RAPID RIVER, Mich. (WJMN) – U.P. Wild Church held a prayer and blessing ceremony today to honor the monarch butterflies during their time of migration.
Monarch butterflies migrate twice a year, once from the north to the south, and the next from the south back to the north. The migration from north to south is happening now as the seasons change.
The U.P. Wild Church held a ceremony to pray for the butterflies as they begin their journey this season.
“We had a blessing of the Monarchs this afternoon, and we had a lot of people come out for that,” said Susan Jamison, a Monarch Project volunteer. “Unfortunately there weren’t too many monarchs flying around, but we have had three different groups of monarchs since August 31st have gathered here and have left, so the first two groups for two to three hundred monarchs, and a hundred plus left yesterday. So we are hoping that in the next week or so we’ll have more gathering and migrating from Peninsula Point.”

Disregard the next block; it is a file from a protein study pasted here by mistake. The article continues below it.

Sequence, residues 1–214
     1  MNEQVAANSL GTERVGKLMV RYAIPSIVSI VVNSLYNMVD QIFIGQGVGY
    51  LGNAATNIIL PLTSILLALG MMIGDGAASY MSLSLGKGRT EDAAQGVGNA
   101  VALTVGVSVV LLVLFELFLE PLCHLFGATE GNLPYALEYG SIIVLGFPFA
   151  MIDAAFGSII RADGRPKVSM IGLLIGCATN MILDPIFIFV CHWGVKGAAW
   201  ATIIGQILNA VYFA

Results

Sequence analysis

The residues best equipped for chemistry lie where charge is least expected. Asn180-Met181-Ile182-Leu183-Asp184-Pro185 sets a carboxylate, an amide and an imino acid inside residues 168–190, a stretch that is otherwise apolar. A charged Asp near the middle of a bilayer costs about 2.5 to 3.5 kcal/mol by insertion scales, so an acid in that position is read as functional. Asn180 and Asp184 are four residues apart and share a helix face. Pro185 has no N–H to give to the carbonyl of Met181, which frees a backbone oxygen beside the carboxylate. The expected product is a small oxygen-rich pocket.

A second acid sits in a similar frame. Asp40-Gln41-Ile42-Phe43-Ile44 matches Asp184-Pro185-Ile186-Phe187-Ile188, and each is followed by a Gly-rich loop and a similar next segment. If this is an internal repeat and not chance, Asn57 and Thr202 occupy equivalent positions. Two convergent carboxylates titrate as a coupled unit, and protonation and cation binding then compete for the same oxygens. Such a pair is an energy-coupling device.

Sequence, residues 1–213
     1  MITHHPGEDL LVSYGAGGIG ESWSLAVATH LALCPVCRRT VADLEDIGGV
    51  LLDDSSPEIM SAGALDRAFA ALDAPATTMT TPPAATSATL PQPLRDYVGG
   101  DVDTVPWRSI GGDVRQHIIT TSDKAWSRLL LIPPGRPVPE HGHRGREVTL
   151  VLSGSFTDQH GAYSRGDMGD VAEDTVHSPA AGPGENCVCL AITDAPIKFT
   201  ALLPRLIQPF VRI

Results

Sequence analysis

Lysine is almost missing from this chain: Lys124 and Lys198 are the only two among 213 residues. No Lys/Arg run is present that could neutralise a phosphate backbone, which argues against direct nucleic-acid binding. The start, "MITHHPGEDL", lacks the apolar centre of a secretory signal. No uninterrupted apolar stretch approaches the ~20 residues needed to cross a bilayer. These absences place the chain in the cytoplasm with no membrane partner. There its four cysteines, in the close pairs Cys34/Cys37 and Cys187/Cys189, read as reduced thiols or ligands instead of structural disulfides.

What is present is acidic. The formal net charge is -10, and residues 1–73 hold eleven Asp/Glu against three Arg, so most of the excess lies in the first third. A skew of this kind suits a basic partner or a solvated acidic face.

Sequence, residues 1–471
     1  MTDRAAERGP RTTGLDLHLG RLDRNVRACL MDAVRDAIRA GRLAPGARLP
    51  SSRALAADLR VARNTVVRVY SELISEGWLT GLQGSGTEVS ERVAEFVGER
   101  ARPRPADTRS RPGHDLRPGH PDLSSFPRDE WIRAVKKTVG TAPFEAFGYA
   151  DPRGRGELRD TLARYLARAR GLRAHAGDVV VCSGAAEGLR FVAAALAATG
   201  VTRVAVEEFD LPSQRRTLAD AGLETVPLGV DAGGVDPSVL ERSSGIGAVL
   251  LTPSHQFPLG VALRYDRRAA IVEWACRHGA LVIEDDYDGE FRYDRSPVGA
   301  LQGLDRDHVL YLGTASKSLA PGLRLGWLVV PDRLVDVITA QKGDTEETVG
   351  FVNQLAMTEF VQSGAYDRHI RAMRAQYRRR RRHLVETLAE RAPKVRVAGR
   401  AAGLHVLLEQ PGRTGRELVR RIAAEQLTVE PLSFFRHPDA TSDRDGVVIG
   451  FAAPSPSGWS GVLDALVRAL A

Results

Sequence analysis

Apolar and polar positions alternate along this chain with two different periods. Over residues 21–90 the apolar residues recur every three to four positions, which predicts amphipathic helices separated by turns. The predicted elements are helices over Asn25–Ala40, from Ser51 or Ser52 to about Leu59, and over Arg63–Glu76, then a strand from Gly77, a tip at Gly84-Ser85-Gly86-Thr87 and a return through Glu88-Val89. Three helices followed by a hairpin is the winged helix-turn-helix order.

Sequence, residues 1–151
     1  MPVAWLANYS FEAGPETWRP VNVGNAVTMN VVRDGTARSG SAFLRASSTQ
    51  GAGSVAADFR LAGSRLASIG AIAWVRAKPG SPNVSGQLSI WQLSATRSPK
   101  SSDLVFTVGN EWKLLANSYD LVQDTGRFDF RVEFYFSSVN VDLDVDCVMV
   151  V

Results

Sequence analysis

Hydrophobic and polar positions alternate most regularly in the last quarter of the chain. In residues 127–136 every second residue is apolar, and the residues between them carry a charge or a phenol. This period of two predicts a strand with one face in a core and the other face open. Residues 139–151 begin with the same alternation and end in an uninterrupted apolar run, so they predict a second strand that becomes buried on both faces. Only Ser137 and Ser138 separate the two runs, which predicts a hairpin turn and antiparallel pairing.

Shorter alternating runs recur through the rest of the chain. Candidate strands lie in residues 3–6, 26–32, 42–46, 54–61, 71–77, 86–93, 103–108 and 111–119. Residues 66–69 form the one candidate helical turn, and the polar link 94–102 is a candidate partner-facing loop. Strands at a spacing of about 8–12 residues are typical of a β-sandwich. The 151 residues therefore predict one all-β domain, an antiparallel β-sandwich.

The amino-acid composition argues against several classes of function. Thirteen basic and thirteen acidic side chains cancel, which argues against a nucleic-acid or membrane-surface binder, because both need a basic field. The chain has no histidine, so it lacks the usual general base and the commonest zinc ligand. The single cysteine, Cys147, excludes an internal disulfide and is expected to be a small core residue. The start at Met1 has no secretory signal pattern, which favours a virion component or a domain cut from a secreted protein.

Monarch butterflies tend to stop at Peninsula Point in Rapid River on their migration journey. The area provides a nice resting place before they have to fly across Lake Michigan.
“Peninsula Point is actually a main area for monarchs,” said Jamison. “It was, people were in 1994, were going to the Forest Service wondering why are there so many monarch butterflies down at Peninsula Point. And so, people started looking into it, wild life unlimited funded a grant and so we had people that worked with that grant and found out that they, this was a prime spot for migrating. That they would funnel down the peninsula. They don’t like to fly over the water, so the southern most tip they would fly over to door county in migrating, so it’s one of the more famous spots for butterfly, for monarch migration.”
If you are interested in volunteering to help keep up with monarch butterflies, you can contact your local Forest Service. You can click here to find the Forest Service web page.